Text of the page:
Erectile Dysfunction and Your Health: 5 Things You Need to Know
Most men don’t like to talk about it, but erectile dysfunction is surprisingly common. More than 30 percent of men ages 40–70 have trouble achieving or maintaining an erection.
Many men assume erectile dysfunction, or ED, is a psychological problem. However, research suggests that underlying vascular (blood vessel) problems are the most common cause of ED. And those underlying problems can also put men at risk for other serious medical problems.
Here are 5 things you should know about ED and your health.
ED is a common phenomenon among men who have coronary heart disease, says Johns Hopkins cardiologist Michael J. Blaha, M.D., M.P.H., director of clinical research at the Ciccarone Center for the Prevention of Heart Disease.
Coronary heart disease occurs when plaque builds up in the arteries, reducing blood flow to the heart and impairing the functioning of blood vessels. Healthy blood flow is also necessary for erectile function. In addition, some medications to treat high blood pressure can contribute to ED.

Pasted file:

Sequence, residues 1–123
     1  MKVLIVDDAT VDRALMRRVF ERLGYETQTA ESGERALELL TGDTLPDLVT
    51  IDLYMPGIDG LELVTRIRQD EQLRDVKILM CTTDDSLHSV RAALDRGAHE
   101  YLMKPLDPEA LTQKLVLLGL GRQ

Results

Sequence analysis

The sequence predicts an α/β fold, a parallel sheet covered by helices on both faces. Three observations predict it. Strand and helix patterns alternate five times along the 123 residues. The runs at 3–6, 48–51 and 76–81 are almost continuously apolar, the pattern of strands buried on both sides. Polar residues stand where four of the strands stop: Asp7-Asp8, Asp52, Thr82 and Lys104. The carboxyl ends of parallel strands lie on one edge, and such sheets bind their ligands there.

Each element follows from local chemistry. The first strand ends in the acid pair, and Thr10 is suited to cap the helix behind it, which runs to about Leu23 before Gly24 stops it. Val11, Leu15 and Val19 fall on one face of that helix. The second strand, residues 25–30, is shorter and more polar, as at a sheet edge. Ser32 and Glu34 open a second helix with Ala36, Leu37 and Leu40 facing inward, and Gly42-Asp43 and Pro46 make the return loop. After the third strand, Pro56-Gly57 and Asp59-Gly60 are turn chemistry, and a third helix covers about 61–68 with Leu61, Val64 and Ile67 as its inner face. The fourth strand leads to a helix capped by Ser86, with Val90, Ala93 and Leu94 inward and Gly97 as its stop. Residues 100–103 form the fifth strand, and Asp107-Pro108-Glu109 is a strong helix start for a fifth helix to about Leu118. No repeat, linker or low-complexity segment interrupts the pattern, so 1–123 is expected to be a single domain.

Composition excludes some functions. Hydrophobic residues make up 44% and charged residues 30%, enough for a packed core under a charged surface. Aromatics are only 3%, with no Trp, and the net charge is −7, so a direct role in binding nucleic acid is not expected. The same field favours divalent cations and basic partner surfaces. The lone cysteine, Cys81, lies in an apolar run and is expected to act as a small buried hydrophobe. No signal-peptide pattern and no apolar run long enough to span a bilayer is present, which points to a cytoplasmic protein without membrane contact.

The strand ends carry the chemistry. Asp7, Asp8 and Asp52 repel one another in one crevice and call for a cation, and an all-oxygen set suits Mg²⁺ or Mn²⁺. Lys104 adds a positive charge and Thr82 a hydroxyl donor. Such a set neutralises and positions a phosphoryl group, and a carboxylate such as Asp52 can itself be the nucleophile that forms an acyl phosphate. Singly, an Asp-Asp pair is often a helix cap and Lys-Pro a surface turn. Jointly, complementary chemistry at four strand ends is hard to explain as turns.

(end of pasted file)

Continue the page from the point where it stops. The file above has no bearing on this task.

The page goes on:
One of the first stages of coronary heart disease is endothelial dysfunction, a condition in which the blood vessels cannot dilate (open) properly. Endothelial dysfunction often affects the blood vessels of the penis first. In many cases, ED might be the first clue that something is amiss. “Erectile dysfunction is often a hint of underlying heart disease,” Blaha says.
ED is closely linked with Type 2 diabetes as well. High blood sugar can damage blood vessels and nerves responsible for erectile function. A study by researchers at the Johns Hopkins Bloomberg School of Public Health found that almost half of all men in the study with diabetes also had ED.
ED can be embarrassing. Many men don’t mention it, even to their doctor. On the other hand, men who do see the doctor can be so focused on their distress in the bedroom that they fail to mention other worrying symptoms, says Blaha. “Too many men ignore heart disease symptoms such as shortness of breath or chest pain.” If you have ED, talk to your doctor about being screened for risk factors such as high blood pressure, diabetes and heart disease, especially if you’ve noticed other symptoms.
The good news is that healthy lifestyle choices can have an impact. Eating a nutritious diet, exercising regularly, avoiding smoking, and controlling high blood pressure, high cholesterol and diabetes can reduce the risk of heart attack and stroke — and might improve sexual function in the process.
“So many things are rooted in the cardiovascular system,” Blaha says. “Controlling some of these risk factors really can make a difference.”